Jo Anne B. Ross, the associate commissioner of Social Security for family assistance for the past three years, resigned abruptly Thursday night, sources said yesterday.
Ross reportedly quit a few minutes after learning that Wayne Stanton, regional director of the Department of Health and Human Services for the midwestern region, was being appointed by HHS Secretary Otis R. Bowen to head HHS' new Family Support Administration. Stanton was an aide to Bowen when the secretary was governor of Indiana.
Ross, also a candidate for the job, could not be reached for comment.
The FSA will include the Aid to Families with Dependent Children program, which Ross has headed for three years. Under the AFDC program, about 10.8 million poor mothers (and a small number of fathers) and children get monthly welfare support payments from the states. The federal government reimburses the states for one-half to four-fifths of the costs, with poorer states receiving the higher reimbursement ratios. The federal outlay for the program in fiscal 1986 is about $9 billion.
The AFDC program is by far the biggest unit of the new FSA. FSA includes refugee assistance, the low-income energy assistance program, the Child-Support Enforcement program, the Community Services block grant and the Work Incentive programs.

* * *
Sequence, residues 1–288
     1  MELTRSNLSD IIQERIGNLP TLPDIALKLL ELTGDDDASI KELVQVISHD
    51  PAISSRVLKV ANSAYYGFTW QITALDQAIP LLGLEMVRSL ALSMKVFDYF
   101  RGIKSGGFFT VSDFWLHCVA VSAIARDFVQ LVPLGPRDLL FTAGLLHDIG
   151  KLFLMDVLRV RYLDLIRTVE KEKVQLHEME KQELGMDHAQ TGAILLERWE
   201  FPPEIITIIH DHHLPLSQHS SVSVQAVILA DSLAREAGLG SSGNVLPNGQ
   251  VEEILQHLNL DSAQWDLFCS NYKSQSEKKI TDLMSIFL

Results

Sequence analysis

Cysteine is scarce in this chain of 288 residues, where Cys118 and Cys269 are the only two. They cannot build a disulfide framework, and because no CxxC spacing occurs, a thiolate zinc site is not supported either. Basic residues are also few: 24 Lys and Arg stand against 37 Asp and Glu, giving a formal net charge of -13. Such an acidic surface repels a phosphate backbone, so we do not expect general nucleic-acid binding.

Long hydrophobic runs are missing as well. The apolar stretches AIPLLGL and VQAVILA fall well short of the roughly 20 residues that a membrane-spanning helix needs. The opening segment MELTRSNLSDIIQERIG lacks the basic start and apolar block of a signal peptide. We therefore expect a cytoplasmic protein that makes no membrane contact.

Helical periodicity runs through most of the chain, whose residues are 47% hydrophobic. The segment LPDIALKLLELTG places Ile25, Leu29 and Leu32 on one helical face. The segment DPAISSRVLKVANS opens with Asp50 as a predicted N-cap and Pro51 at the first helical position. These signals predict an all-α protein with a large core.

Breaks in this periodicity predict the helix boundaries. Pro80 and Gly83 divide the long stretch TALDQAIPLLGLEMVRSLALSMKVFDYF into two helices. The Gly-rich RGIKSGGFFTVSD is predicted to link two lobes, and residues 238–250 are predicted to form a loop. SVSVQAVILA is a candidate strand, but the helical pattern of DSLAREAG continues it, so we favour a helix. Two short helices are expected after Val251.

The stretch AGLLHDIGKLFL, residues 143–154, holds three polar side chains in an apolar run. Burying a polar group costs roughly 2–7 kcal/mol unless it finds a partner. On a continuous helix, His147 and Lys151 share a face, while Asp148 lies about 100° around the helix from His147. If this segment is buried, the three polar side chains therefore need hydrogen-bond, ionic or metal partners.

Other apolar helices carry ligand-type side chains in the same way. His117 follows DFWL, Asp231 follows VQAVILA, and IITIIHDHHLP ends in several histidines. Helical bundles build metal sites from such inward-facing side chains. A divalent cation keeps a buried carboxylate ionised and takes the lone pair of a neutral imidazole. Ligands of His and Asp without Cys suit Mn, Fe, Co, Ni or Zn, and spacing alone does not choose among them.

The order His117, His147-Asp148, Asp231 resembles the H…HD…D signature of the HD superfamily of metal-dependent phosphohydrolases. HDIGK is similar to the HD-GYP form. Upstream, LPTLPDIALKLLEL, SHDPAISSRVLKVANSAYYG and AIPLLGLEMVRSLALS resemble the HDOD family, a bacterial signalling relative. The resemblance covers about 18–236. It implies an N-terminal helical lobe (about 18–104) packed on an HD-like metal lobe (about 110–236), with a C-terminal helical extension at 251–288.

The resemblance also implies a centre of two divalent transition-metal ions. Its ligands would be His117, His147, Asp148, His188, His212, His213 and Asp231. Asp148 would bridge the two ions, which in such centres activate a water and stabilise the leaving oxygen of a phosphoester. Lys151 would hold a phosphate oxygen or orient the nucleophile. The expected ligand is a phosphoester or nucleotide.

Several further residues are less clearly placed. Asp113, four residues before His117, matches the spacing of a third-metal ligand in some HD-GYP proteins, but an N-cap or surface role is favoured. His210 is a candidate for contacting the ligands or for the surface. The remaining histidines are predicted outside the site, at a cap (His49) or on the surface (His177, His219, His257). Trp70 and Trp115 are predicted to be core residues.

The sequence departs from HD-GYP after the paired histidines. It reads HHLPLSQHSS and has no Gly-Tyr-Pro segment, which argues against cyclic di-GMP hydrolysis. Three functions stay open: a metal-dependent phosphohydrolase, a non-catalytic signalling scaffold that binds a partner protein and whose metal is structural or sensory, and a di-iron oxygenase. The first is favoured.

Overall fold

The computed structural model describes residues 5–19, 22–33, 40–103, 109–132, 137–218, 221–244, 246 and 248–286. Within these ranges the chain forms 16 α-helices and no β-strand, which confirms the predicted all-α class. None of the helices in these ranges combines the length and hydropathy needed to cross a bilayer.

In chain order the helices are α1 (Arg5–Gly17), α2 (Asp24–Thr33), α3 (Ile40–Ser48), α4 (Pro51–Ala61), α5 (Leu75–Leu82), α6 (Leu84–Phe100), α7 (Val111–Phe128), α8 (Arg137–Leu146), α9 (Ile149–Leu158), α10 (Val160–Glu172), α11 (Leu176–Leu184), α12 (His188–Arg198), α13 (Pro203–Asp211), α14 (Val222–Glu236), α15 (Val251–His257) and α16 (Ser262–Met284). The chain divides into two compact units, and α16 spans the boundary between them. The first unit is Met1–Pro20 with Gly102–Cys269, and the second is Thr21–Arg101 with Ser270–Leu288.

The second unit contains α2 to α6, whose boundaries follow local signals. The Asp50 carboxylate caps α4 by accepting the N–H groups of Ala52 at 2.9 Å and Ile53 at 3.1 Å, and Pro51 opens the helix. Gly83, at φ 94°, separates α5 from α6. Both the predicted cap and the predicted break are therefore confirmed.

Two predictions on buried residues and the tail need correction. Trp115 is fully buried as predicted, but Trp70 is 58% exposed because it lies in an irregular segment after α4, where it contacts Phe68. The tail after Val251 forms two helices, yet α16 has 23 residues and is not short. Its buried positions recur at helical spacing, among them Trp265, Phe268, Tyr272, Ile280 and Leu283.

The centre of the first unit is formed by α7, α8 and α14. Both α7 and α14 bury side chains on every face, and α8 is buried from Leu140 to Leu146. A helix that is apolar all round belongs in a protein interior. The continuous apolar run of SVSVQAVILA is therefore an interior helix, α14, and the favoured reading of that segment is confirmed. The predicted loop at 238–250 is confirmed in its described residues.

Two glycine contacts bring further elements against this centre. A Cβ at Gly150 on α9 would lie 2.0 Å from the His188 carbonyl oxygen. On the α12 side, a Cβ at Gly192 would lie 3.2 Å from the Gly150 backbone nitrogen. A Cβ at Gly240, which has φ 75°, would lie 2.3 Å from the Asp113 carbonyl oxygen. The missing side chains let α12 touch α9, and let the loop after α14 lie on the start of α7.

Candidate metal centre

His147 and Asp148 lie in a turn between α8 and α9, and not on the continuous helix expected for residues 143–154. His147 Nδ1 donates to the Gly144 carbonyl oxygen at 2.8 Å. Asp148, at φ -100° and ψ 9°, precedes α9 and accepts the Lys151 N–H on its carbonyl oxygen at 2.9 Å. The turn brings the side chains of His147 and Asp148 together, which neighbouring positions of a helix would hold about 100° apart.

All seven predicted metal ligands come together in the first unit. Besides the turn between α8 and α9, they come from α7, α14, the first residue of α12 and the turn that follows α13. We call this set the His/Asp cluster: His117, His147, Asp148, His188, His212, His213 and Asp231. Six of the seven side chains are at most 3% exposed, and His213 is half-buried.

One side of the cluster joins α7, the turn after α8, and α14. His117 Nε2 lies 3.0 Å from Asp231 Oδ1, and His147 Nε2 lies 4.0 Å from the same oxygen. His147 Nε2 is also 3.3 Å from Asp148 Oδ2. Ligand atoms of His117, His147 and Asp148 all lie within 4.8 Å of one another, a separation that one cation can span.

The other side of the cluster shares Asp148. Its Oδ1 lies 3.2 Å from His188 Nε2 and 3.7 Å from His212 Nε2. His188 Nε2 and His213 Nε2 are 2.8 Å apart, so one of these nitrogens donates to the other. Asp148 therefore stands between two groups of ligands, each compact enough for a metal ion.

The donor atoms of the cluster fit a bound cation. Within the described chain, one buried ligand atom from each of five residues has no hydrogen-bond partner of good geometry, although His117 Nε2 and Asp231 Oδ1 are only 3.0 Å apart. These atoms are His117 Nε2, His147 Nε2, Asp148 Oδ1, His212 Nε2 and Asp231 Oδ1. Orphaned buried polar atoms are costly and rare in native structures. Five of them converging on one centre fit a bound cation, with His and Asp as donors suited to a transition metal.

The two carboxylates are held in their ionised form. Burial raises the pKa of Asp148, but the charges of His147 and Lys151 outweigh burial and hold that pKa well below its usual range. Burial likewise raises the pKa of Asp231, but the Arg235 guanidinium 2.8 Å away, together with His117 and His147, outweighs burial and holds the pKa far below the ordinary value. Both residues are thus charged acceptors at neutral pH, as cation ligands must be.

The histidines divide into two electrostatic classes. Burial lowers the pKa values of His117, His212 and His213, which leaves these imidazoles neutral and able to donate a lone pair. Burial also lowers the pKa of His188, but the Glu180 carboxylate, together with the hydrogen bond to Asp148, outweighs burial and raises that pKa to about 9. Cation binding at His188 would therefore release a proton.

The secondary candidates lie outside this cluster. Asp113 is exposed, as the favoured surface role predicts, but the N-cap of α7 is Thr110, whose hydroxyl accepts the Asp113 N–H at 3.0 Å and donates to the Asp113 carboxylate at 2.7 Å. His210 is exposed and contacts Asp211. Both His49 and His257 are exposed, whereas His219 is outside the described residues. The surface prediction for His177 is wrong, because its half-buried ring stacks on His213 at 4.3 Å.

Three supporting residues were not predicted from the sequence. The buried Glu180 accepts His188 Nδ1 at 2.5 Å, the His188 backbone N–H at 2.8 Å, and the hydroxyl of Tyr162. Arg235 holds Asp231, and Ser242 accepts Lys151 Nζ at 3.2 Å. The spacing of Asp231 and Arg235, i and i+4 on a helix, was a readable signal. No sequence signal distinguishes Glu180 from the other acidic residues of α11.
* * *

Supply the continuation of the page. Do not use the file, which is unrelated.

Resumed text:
Bowen combined administration of these programs into a single unit to give increased emphasis to the goal of strengthening the family. Total outlays by FSA, with an estimated 1,025 employes, are expected to be $11.5 billion in fiscal 1987.
In a memorandum circulated among AFDC employes yesterday, Ross said her resignation was the result of "the decision to appoint Wayne Stanton."
Thomas R. Burke, department chief of staff, said Bowen was "very high on her" and had proposed to make Ross deputy FSA administrator. The sources said Ross did not want to be Stanton's subordinate.